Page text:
EPD, USD 491 plan alternate bus routes
Traffic over Church Street's Kansas Highway 10 overpass already has been drastically slowed by construction, and it likely will get worse during peak times in the morning and afternoon when school resumes Tuesday.
In preparation for that scenario, USD 491 operations director Hal Reusch and Eudora Police Chief Greg Dahlem have been discussing alternate routes for school busses.
"We've been trying to go out there (to the overpass) during the mornings and try to visualize what we have now and look at the traffic flow that we've had particularly coming out of Nottingham (Elementary School)," Reusch said. "In talking with Chief Dahlem, we looked at two or three different routes.
"And looking at where the busses are coming from, I believe we're going to need to use some alternate routes rather than trying to come across that bridge."
New approaches - which are the sections of the road that are about 10 to 13 feet from the actual bridge - will be constructed to correct the direction in which water drains off of the bridge.
The bridge is one of two roadways in Eudora that connect to the southern part of town where the middle and high schools are located, as well as the Eudora Township Fire Department.
Construction is set to finish by Oct. 1, when Church Street then will receive a mill and overlay extending from the northern base of the bridge to 10th Street that will take about eight to 10 working days.
Dahlem said the bridge needs the construction, but worries about auto accidents as a result of the change in routine
"We're creatures of habit and we get used to not having to slow down or worry about cars until you get to the top of the bridge," he said. "It's just going to take people time to get used to it, but I think that we'll probably see a few more rear-enders.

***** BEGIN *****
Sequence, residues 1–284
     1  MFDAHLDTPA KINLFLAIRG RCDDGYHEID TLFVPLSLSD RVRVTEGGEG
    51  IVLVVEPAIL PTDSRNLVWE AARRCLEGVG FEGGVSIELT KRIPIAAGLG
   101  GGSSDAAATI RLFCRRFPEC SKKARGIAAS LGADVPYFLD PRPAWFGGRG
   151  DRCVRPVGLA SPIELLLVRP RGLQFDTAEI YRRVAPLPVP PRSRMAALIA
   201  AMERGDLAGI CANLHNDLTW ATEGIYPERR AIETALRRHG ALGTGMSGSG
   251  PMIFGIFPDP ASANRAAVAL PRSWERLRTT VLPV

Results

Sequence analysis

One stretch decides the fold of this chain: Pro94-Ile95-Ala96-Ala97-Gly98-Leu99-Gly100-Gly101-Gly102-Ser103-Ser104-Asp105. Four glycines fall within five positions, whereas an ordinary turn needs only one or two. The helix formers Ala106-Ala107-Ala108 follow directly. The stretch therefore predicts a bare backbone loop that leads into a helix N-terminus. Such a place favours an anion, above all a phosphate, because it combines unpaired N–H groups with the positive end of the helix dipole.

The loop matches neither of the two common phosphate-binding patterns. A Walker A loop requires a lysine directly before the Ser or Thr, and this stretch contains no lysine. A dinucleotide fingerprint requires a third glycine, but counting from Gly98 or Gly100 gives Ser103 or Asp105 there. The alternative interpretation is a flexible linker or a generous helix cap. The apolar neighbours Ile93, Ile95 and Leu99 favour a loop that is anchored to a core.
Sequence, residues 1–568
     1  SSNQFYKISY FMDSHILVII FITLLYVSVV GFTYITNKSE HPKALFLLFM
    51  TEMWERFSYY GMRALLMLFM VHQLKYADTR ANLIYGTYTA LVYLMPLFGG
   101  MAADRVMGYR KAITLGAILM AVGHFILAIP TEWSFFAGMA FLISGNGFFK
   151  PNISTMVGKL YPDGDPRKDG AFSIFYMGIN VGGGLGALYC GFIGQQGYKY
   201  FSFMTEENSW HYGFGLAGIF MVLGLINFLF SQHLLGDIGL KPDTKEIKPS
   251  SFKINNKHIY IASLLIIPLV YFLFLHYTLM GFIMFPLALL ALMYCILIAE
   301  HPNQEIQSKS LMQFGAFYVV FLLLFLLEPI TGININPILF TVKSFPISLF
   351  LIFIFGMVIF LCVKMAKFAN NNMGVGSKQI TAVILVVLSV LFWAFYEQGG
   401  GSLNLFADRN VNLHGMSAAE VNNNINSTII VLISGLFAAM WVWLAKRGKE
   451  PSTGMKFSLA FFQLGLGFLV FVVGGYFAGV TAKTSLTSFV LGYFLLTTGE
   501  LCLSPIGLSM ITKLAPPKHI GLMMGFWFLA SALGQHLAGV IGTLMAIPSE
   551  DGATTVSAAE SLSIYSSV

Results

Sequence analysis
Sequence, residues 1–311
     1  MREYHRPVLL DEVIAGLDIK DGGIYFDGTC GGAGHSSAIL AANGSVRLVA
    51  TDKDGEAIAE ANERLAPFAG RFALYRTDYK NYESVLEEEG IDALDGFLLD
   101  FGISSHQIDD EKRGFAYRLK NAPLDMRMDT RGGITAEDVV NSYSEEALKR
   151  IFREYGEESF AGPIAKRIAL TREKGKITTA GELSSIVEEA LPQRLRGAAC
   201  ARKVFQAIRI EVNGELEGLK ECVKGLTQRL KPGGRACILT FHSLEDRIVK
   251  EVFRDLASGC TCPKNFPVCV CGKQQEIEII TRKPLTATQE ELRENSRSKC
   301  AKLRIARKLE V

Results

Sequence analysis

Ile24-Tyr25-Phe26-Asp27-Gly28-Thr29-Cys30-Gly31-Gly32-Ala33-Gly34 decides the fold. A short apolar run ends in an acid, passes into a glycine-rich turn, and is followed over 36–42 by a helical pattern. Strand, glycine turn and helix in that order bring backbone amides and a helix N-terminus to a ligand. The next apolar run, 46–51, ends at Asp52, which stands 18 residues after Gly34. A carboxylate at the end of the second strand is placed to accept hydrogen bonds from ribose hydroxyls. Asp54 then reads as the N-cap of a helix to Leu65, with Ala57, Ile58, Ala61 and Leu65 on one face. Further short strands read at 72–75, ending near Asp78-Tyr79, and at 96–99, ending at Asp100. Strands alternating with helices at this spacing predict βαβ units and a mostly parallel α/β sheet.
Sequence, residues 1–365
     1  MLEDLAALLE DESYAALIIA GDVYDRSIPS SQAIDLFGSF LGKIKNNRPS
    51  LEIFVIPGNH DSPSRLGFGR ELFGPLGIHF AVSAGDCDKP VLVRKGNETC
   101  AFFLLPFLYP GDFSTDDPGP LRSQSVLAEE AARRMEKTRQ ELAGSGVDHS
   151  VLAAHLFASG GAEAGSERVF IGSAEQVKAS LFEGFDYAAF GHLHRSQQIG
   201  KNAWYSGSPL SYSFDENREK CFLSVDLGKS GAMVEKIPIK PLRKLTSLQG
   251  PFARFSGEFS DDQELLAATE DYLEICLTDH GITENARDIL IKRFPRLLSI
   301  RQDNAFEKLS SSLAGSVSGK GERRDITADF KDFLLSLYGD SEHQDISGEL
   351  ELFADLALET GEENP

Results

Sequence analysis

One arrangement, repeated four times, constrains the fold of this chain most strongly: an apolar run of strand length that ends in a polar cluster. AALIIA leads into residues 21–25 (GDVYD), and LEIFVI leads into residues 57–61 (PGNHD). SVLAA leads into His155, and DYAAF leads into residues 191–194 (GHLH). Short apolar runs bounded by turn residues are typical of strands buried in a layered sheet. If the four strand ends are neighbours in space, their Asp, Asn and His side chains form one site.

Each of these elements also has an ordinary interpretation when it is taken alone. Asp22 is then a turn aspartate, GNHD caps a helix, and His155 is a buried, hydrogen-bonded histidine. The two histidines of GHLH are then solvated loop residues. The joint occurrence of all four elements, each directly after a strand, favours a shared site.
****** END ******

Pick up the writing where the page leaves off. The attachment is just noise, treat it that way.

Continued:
Reusch and Dahlem plan to have busses avoid the bridge and instead take Winchester road to 28th Street in order to travel to the south and then head back the same way when traveling north.
Having busses travel from the west off of White Dog also was a consideration, but backed up northbound traffic could pose a problem for the busses trying to turn southbound on Church Street.
Dahlem said cutting down on the number of cars traveling on the bridge could expedite the project because construction crews would be able to spend less time having to watch their backs and more time working.
Superintendent of Schools Don Grosdidier also is concerned about students who walk over the bridge to school, which is something the district already had been discouraging.
The school district has eight busses running in the morning and nine busses running in the afternoon. It also has anywhere from two to four cars out at those times for transporting special education students.
The district will not use staggered starting times for any of its schools in an attempt to cut back on traffic.
"Our biggest concern is going to be getting the kids to school safely and as close to on time as we can," Reusch said. "I think that between Don, myself and Greg, we are planning for this, but you just don't know for sure until all of that traffic hits."
Dahlem also is worried about any instances that demand emergency vehicles on the south side of town because there is only one lane open on the bridge.
"I just hope that the people realize that the people know they need to yield, that's probably my biggest concern," Dahlem said.
The school district is asking staff to arrive at school before peak times for student drop-offs and have made five suggestions for families to help alleviate traffic congestion:
¢ Be flexible and consider taking alternate routes
¢ Take advantage of the free shuttle service at any of the school buildings, as well at the community learning center at Ninth and Main streets.
¢ Carpool whenever possible.
¢ Allow extra time for travel to and from school
¢ Never walk to or from school along Church Street and instead get on the shuttle at Nottingham Elementary School.